The state will give Santa Clara County more than $1 million to help increase COVID-19 vaccine equity efforts, but South Bay leaders say that doesn’t alleviate the source of the region’s vaccination bottleneck—a lack of supply.
The funding for the county is part of a larger $7.6 million package reserved for Bay Area counties that were almost completely left out of the state’s vaccine equity formula rolled out in March. The plan called for allocating 40% of the state’s vaccine supply to the neediest areas—but not a single ZIP code in Santa Clara County was included in the formula, despite East San Jose being home to the most infections, lowest vaccine rates and communities of color who face barriers to access.
Sen. Dave Cortese was one of 20 state legislators who signed on to a letter in March demanding a recalculation of the equity formula.
Cortese applauded the funding from the state Wednesday, which totals up to $1.5 million, but says there’s more to do to achieve vaccine equity.
“This is a step in the right direction, but not nearly all that is needed to assist those that are suffering from a clear geographic and socioeconomic disadvantage,” Cortese told San José Spotlight. “COVID-19 has only underscored the urgency of eliminating socioeconomic barriers and advancing health equity in our state.”
Alameda County and Contra Costa County will also receive $1.5 million each, while San Francisco County and San Mateo County will receive $750,000 each. Marin County, Napa County, Solano County and Sonoma County will receive $400,000 respectively.
The money will come from the state’s general fund and counties have discretion in how to use it, though it’s intended to help expand vaccination sites in hard-hit areas, signing up residents through MyTurn, the state appointment application program, and hiring of workers to conduct for additional vaccine outreach.
The county hasn’t finalized a plan for how to use the money.
“We still need to get the formal information from the state first,” said a county spokesperson.
The allocation of vaccine doses from the state to Santa Clara County is still lagging. The county’s health centers only received 32,000 doses this week, while local officials contend they have capacity to administer about 200,000 doses per week.
“It is simply a matter of supply and demand at this point,” a county spokesperson said. “When additional vaccine supplies are provided, the county stands ready to administer the shots.”
Jessica Paz-Cedillos, executive director of the School of Arts and Culture at Mexican Heritage Plaza, echoed that sentiment.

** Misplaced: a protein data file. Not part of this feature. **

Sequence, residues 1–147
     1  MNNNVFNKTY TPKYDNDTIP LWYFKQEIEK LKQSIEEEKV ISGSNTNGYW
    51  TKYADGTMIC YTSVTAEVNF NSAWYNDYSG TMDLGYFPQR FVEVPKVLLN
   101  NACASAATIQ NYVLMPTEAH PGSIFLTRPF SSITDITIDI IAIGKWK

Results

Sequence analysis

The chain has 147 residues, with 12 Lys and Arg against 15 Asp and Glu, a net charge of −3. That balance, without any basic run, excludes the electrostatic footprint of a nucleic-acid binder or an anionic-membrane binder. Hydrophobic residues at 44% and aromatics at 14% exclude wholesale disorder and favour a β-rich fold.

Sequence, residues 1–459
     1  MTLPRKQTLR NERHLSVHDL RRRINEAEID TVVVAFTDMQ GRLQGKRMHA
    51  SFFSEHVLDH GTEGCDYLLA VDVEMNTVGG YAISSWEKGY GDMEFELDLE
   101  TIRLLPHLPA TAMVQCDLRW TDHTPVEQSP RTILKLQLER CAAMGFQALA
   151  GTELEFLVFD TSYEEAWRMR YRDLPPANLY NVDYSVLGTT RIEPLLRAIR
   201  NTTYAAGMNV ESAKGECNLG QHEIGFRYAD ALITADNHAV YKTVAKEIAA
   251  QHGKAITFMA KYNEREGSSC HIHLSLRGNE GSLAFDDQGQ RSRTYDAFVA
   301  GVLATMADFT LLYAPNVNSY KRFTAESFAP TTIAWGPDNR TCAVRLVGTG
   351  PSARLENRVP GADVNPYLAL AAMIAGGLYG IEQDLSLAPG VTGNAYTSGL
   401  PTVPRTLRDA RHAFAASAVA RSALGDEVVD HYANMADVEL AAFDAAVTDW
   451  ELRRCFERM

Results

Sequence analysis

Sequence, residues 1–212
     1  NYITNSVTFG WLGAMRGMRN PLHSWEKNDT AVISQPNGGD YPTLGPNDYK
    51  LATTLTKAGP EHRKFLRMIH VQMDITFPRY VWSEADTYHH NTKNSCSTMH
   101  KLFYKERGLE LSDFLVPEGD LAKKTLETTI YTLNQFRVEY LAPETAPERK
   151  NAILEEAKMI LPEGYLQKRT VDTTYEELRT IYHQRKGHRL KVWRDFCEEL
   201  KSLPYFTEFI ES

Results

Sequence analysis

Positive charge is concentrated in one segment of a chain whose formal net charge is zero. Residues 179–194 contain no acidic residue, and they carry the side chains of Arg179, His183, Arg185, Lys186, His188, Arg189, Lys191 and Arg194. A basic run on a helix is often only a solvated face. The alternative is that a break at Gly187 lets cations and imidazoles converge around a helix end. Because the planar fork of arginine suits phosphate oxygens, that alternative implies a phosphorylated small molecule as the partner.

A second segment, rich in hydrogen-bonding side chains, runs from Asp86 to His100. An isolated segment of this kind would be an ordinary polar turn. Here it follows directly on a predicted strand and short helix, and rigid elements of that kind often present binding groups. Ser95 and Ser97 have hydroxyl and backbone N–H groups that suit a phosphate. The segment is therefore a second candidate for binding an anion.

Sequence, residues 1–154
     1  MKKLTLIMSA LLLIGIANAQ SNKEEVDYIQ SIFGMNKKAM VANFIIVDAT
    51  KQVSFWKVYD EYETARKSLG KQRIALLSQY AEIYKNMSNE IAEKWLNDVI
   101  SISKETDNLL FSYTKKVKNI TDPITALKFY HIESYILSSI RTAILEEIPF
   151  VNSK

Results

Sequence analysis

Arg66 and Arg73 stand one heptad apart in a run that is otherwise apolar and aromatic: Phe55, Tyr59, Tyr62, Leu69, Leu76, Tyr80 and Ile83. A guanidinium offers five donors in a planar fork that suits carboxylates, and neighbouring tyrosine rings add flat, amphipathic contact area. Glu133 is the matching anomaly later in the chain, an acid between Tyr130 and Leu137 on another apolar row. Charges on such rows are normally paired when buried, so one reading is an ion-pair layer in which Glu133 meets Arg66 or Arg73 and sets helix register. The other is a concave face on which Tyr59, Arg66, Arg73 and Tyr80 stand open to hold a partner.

“We’re grateful for the funding. I’m sure the county is grateful for the funding, but the real issue is we don’t have enough vaccines,” said Paz-Cedillos. The plaza has served as a vaccination site to East San Jose residents since early February.
“What good is it to get out the message if we don’t have the vaccines to vaccinate folks?” Paz-Cedillos said.
Paz-Cedillos said the plaza could be vaccinating 1,000 people per day. However, this week, the site only received 900 doses of the Johnson & Johnson vaccine, which must be divided between the three days the clinic is open.
Paz-Cedillos said the vaccination site in the heart of the city’s hardest-hit neighborhood turns away between 200 and 300 people per day because of low supply.
The county will only be able to allocate 32,000 first doses this week.
Cortese said the funds will go directly toward providing vaccines to communities disproportionately impacted by this virus. “We have seen first-hand just what an impact this virus has had on our hard-hit communities that are predominately communities of color,” he added.
The state will make another push to increase vaccine distribution to California’s neediest communities, the senator added, and it’s more likely Santa Clara County will be part of the next round.
“I do think you’ll see a different approach to metrics by the state,” Cortese said. “I think you’ll see the inclusion of the Bay Area and Santa Clara County from here on out. Today’s news is just the beginning of the adjustment we’ve been calling for the last couple of weeks.”
Contact Madelyn Reese at [email protected] or follow @MadelynGReese on Twitter.
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